Without jobs there are possibilities that the EndSARS protest that saw the Nigerian economy losing billions of naira in October 2020 could reoccur, analysts say.
“If the youths were engaged with good and decent jobs, it would not have been easier to mobilise them considering the political apathy these young people have,” Ayodele Shittu, a senior lecturer at the Department of Economics, the University of Lagos with specialisation in economics of entrepreneurship and innovation, said.
According to Shittu, the solution is for the leaders, teachers, and politicians to consider investment in the capacity and development of these young Nigerians as a priority.
“Once this is done, directly or indirectly, we will begin to stimulate production and once that is done, the level of consumption will reduce trade investments, exportation will begin to increase and this will create enough room to demand new products and services and that is where you need to demand labour.”
Jennifer Oyelade, director of Transquisite Consulting, a UK and Nigerian registered Recruitment and Training Consultancy, advised that from an education perspective, social media marketing and strategy are areas to generate jobs since the youths spend a lot of time on social media.
“We have a thriving digital market. So, if they engage themselves with more roles in digital marketing and work with organisations to increase their digital presence, that can generate jobs,” Oyelade added.
A year ago, Ridwan Muhammed, a 27-year old self-employed researcher went to the Lekki Express tollgate to protest harassment from the now disbanded Special Anti-Robbery Squad (SARS) unit of the Nigeria Police Force.
The harassment occurred due to the use of his laptop which he carries about every day as it is a means of generating income for himself.
“Since I cannot get a job, my laptop is a means of livelihood. But each time I go out, SARS and the police will harass me based on my laptop, labeling me a “yahoo boy,” Muhammed complained.
Just like Muhammed, enraged Nigerian youths took to the streets to protest against police brutality, the insidious failure and neglect of the government to deliver good and equitable economic opportunities to them.
But the aftermath of the protest had a negative impact on the economy as it lost over N700 billion to the protest, according to the Lagos Chamber of Commerce and Industry (LCCI). And the economy is yet to recover from that impact.
Africa’s biggest economy has a large, vibrant, and young population which comprises over 65 percent. But a broken educational system and dearth of opportunities have made the government regard them as less important. As a result, they have continued to flee the country in search of a better future elsewhere, thereby fuelling the country’s brain drain.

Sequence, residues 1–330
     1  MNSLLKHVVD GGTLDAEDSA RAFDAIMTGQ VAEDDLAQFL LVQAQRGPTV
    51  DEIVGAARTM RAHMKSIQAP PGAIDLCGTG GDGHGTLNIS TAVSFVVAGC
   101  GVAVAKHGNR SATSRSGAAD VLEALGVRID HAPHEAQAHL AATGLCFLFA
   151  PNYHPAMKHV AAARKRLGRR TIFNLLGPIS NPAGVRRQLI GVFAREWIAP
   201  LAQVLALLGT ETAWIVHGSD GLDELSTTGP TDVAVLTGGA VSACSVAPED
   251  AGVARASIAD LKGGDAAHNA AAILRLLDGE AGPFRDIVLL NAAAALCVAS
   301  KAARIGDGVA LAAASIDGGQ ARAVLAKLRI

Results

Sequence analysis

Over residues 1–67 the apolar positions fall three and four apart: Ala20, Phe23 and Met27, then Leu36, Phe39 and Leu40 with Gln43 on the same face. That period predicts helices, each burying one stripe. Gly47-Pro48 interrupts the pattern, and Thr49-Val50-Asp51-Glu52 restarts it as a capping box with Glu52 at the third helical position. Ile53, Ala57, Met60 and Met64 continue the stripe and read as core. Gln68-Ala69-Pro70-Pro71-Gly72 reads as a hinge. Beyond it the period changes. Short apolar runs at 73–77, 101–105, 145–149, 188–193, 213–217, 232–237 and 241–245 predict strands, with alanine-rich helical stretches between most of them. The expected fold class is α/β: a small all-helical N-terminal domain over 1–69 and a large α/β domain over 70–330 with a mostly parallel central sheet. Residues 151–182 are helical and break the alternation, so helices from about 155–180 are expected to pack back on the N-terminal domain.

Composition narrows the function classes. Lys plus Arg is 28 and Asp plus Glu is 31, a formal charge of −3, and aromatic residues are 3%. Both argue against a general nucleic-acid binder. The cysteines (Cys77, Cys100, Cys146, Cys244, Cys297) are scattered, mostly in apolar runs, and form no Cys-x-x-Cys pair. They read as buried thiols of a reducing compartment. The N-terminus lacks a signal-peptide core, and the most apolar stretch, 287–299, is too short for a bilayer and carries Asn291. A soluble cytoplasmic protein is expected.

According to a 2020 Next Generation survey report by the British Council, employment worries (80 percent), crime (74 percent), political corruption and/or violence (73 percent), and lack of financial security (72 percent) are the main matters personally affecting young Nigerians.
A young female from Port Harcourt, Rivers State who does not want her name printed, said in the report that, unlike Nigeria, graduates in other countries already know the field they will fall into.
“Here you will hunt for jobs hopelessly because the government doesn’t have anything good for you.”
Two recessions experienced in the last five years caused by the decline in global oil prices in 2016 and the COVID-19 pandemic in 2o20 has pushed more people, particularly the youth into the unemployment net.
Available data from the National Bureau of Statistics (NBS) show that within those two periods, the number of unemployed persons has risen by 100 percent to 23.2 million in Q4 2020 from 11.6 million in Q4 2016.
Also, those unemployed that fall within the age group of 15-34, rose by 62 percent to 12.8 million in Q4 2020 from 7.9 million in the same period of 2016. Unemployment within that age group is usually the highest compared to other groups.
And the unemployment numbers are expected to increase as the World Bank has projected that by 2030, the number of youth needing jobs will increase to 40.2 million from about 30.8 million projected in 2021, as poverty further pushes them to seek work rather than remaining in school.
“Macroeconomic reforms to the exchange-rate, trade, and fiscal policies to diversify revenue sources away from oil and ignite the structural transformation are needed to create good wage jobs,” the report advised.
It is also called rendering help to small enterprises so they can thrive and grow. “For farms, this involves research into improved crop and livestock varieties as well as public investment to support storage, transport, and market access could help boost agricultural productivity.”
Sholarin David, a partner with Grace Curia Attorneys said the country needs to change the orientation from certificate to skill acquisition.
“Let’s bring the required skills into the university and teach them. The knowledge they have acquired to make them educated, they can input that into the skills and that will bring innovation. When that is done people will be busy, reducing the reliance on the government for jobs,” Sholarin further said.